Coercion in Fiat Currencies

“Fiat currency schemes are immoral because the primary behavior that makes them acceptable is coercion.” (11)

In my book the Social Currency, I write in the chapter Herd Morality and the Abuse of Power that morality is primarily transactional. Parties intentionally and voluntarily enter a simple contract to gain value, which essentially means that they are free from coercion.

In fiat, coercion is undeniable, and in fact, necessary for its adoption. For example, in 1933, the United States government threatened criminal penalties of $10,000, ten years in prison, or both, to force citizens to accept irredeemable Federal Reserve Notes in place of money backed by gold(12). As a result, the government forced people to take the fiat currency against their will. The government continues to effectively execute coercion through economic taxes that legislate the use of fiat as mandatory in the marketplace.

Hyperinflation in Fiat Currencies

In 2008, the Bank of England created £375 billion of money, thereby devaluing what was already in supply and considerably depreciating the economy (13). Cryptocurrencies prevent this type of inflation by restricting the amount of currency in circulation. Bitcoin, for example, has an upper limit of 21 million coins (14).

Venezuela residents are experiencing severe hyperinflation and have seen prices rise by 12,875 percent during 2017 (15). The International Monetary Fund forecast that inflation should have increased by 13,000 percent in Venezuela during 2018 (16).

Given the horrid economic conditions in Venezuela, thousands of Venezuelans have turned to mine Bitcoin (BTC) and Ethereum’s Ether token (ETH), where they can potentially make $500 a month (17). Venezuelans can use their mined cryptocurrencies to purchase essential items like food and medicine using e-commerce, which is more efficient than bartering for consumer goods on the street.

Occasionally mining equipment is seized, which ends up being sold by policemen as their only way of gaining income. The mined cryptocurrencies themselves cannot be stolen or confiscated by authorities at gunpoint because the tokens are stored on password-protected wallets. Again, Torsten Hoffmann shares his take on the subject in his film Cryptopia, “this is the Berlin Wall — still a powerful symbol of a government trying to control its citizens. but this is what happens when people want to be free.”

Failure to link fiat currencies to physical reserves, such as commodities, puts them at risk of becoming worthless due to hyperinflation (18). Hyperinflation results in the currency’s devaluation because its supply and distribution spikes trigger price instability, which can artificially stimulate or depress the economy (19).

As Voltaire famously wrote, “paper money eventually returns to its intrinsic value — zero,” which is why the future of cryptocurrencies needs to be explored.

Problems with Fiat Summarized

Fiat is simply a currency created by a national government that has been declared legal. Physical commodities, such as gold, previously backed it, but now it is supported by fundamental principles of supply and demand and the credit of a nation’s economy. Fiat currencies are secure in that they are highly controlled and thus tend to be stable. However, if a fiat’s control is in the wrong hands, then instability will conquer.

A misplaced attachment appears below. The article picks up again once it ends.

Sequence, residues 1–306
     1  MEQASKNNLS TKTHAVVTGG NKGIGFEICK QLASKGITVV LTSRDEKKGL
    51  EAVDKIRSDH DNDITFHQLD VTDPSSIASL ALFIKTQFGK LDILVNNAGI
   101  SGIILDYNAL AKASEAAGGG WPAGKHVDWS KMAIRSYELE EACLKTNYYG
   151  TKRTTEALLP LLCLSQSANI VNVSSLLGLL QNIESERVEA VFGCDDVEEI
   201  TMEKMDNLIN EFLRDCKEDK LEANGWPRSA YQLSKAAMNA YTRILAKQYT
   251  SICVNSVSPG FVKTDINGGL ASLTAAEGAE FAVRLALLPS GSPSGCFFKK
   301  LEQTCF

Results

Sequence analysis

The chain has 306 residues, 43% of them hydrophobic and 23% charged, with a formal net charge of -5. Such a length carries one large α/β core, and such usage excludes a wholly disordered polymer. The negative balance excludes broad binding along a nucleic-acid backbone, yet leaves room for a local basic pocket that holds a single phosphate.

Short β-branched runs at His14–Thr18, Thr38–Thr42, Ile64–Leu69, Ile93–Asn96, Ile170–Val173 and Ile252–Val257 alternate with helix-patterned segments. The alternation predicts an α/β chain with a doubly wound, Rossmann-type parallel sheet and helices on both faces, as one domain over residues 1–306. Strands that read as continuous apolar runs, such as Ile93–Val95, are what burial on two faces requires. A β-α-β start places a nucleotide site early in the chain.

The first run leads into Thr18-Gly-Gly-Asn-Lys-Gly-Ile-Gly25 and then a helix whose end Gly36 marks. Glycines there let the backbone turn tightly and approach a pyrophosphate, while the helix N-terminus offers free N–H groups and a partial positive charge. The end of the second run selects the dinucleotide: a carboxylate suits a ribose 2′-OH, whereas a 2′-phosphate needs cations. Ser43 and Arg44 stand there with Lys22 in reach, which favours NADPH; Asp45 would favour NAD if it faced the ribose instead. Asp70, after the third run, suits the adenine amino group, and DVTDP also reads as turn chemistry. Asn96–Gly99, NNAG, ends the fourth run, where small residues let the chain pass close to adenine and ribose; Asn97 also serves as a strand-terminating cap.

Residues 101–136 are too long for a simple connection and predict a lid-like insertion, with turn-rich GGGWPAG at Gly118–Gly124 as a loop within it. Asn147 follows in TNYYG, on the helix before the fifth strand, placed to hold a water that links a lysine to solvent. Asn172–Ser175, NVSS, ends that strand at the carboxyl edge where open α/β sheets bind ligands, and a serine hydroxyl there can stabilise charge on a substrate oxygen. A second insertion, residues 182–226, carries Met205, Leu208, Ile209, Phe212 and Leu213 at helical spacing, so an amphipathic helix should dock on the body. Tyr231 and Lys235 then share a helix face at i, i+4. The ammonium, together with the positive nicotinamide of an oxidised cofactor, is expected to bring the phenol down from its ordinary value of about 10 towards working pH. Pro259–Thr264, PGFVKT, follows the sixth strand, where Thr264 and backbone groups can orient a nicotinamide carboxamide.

It is unlikely that fiat will continue to last because it is now just an abstract concept. Modern-day fiat longer exists primarily electronic numbers in a computer (instead of physical notes or coins) which have no literal value.

Furthermore, fiat is imposed upon us and allows its governing authority to redistribute wealth as seen fit by altering quantity and availability, often leading to hyperinflation. We are forced to use fiat as it is the only currency option available, effectively making it a monopoly.

As a monopoly, fiat currencies consolidate wealth, which destabilizes economies. The more concentrated the wealth becomes, the higher the risk for corruption.

If corruption continues within an entity governing fiat, then trust and confidence in the currency are lost. As a result, the money reverts to its intrinsic value of zero. Therefore, communities must rethink their currencies. The examples below represent communities that did precisely that and ultimately ended up minting their currencies.

The Brixton Pound

In September 2009, activists in the United Kingdom made a liquidity injection into Brixton, South London. They created a currency designed to support the local community. The Bank of England does not control the Brixton pound, and it is transmitted by text from a cellphone (20). The Brixton Pound is an additional payment method for people who do not have a credit or debit card or do not want to get involved with the banks. There are around 500,000 Brixton pounds in circulation, and over 200 businesses across Brixton accept it(21).

Brixton is described as a significant town center with an international reputation based on its markets, cultural and creative energy, and diversity. It is where the Brixton Pound (B£) was launched in September 2009. According to the Brixton pound website, an electronic pay-by-text platform, which is now retired (22), was an attempt to enhance the physical paper-based money.

The Brixton pound’s mission was to support diversity and build resilience in the local Brixton economy, considering the challenging economic times and dominant chain of power. The Brixton pound further sought to raise community awareness of the local social economy and facilitate a self-help model to protect the Brixton residents’ financial future. Another aim was to promote regional sourcing of goods to decrease carbon dioxide (CO2) emissions and raise Brixton’s profile locally and nationally (23).

The currency, which has a fixed one-for-one exchange rate with the pound sterling, is accepted at over 150 local shops and businesses that can use it to pay local taxes (24).

A 2017 article by Business Insider shows around 500,000 Brixton pounds in circulation (25). “If you spend £5 on a cup of coffee in a chain store, the majority of that money just flies straight out to whoever owns the shares in the coffee chain,” said the Brixton pound Director, Charlie Waterhouse, in a Business Insider interview (26). “If you spend 5 Brixton pounds with a local, independent coffee shop, that money stays circulating in the area. It’s about empowering people to be able to make positive, economic decisions in their everyday lives.” (27)